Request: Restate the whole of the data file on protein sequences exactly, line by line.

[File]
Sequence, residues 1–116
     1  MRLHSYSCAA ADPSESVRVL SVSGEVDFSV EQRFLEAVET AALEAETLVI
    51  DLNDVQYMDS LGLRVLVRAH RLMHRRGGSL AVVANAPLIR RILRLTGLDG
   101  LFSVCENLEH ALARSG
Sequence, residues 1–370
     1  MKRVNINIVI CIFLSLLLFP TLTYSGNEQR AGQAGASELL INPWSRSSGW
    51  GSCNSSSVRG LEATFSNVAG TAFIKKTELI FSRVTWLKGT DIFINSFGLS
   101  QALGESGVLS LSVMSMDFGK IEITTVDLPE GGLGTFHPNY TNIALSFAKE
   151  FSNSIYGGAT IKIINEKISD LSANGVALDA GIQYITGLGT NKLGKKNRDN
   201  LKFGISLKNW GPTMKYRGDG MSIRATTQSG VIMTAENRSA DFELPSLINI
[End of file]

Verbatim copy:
Sequence, residues 1–116
     1  MRLHSYSCAA ADPSESVRVL SVSGEVDFSV EQRFLEAVET AALEAETLVI
    51  DLNDVQYMDS LGLRVLVRAH RLMHRRGGSL AVVANAPLIR RILRLTGLDG
   101  LFSVCENLEH ALARSG
Sequence, residues 1–370
     1  MKRVNINIVI CIFLSLLLFP TLTYSGNEQR AGQAGASELL INPWSRSSGW
    51  GSCNSSSVRG LEATFSNVAG TAFIKKTELI FSRVTWLKGT DIFINSFGLS
   101  QALGESGVLS LSVMSMDFGK IEITTVDLPE GGLGTFHPNY TNIALSFAKE
   151  FSNSIYGGAT IKIINEKISD LSANGVALDA GIQYITGLGT NKLGKKNRDN
   201  LKFGISLKNW GPTMKYRGDG MSIRATTQSG VIMTAENRSA DFELPSLINI